Kyrinis on what was the turning point: “I made a big mistake on 15. I tried to get too much out of it and put it in the water, so that gave her the hole. That was probably the biggest swing in the match.”
Laura Coble, Augusta, Ga.: Defeated Kim Eaton, Mesa, Ariz., 3 and 2: “I was very fortunate. When it gets down this far [in the championship] you’ve got to take advantage of the other person’s mistakes. You don’t hope they make mistakes, but if they do, you’ve got to do what you can to stay on top of it.”
On winning the first three holes to gain early momentum: “It was good. But I was not comfortable. I just wanted more, not to sound greedy. I told my caddie Peter 5 up is not enough. I know Kim’s a great player and she can come back and she’s never going to give it. I knew I needed to keep plugging along. And we did.
On moving into the semifinals for the third time in a USGA championship: “[The experience] does help. You can draw on it. It’s the experience this week at the golf course. I’ve hit so many shots around here and now I’m just drawing on those memories when I stand on the tee or have a certain angle. And just the overall experience of USGA events. You know you’re going to be nervous and that’s OK. You know it’s just putting your head down and keep going.”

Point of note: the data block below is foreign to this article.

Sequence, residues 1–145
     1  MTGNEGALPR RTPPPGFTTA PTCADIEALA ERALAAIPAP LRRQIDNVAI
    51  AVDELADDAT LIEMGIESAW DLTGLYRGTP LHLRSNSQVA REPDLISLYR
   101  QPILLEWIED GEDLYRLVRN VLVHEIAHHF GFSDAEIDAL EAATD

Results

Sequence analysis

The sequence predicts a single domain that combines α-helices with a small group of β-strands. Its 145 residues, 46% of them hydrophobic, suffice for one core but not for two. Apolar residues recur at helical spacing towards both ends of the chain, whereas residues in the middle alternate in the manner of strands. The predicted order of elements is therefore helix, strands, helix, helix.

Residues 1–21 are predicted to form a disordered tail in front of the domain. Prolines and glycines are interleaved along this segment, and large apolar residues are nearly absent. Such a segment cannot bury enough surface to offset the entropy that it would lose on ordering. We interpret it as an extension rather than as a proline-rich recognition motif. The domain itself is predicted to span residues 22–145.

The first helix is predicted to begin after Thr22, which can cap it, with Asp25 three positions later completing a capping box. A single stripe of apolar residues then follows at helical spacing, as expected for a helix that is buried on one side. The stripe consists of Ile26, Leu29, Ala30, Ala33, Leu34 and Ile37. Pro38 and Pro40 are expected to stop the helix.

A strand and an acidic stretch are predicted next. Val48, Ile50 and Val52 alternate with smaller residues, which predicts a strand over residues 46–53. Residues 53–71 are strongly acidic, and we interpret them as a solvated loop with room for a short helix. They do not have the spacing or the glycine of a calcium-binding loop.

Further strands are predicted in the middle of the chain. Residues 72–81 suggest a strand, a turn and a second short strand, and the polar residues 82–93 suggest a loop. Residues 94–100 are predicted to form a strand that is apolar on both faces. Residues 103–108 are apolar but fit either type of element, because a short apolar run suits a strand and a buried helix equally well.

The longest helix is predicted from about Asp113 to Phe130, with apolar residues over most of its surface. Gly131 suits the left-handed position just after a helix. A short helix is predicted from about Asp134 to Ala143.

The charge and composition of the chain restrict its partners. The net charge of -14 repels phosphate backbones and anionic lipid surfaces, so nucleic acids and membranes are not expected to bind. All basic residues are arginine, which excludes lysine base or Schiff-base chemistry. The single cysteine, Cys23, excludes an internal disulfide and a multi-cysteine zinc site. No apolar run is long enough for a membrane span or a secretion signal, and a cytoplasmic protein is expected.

On what you’ll do between matches: “Relax. Take my shoes off, eat and unwind for a little bit. Chill out.”
Ellen Port, St. Louis: Defeated Lisa Schlesinger, Laytonsville, Md., 2 and 1: “It was a very good match and I’m fortunate to have won.”
On celebrating her 55th birthday by advancing to the semifinals: “It was nice. At the 55th Senior Women’s, I’m 55. I will always remember how old I am. What year is the Senior now? The 100th anniversary? It’s great."
On the momentum swings: “Really it was not going my way after Lisa birdie 11 and 12. She’s so long with the four par-5s on the back [nine], I don’t want to think too much about what my opponent is doing, but I haven’t had too much luck birdieing out here, even when I’m close to the green. I made a few mental mistakes, but when I had to hit some good shots I did."
On closing the match out on 17: “I topped my drive basically. I played that hole perfectly. I’ve learned that golf is not a game of perfect, so I just got a drive out there, had a longer [third shot] than normal into it and I hit the green pin high about 18 feet. The problem with being a long hitter is Lisa had to decide whether to go for [the green in two] or not. And she laid up and was about 5 yards short of hitting a perfect shot. It was right on line and she hit it in the bunker. So she made an unforced error and I was fortunate enough to have my ball on the green. A two-putt par [was good enough].
On playing Laura Coble, who beat her in the Round of 16 at the 2009 U.S. Women’s Mid-Amateur: “That was the only time we’ve ever played. I’ve got to go play good golf and see what happens.”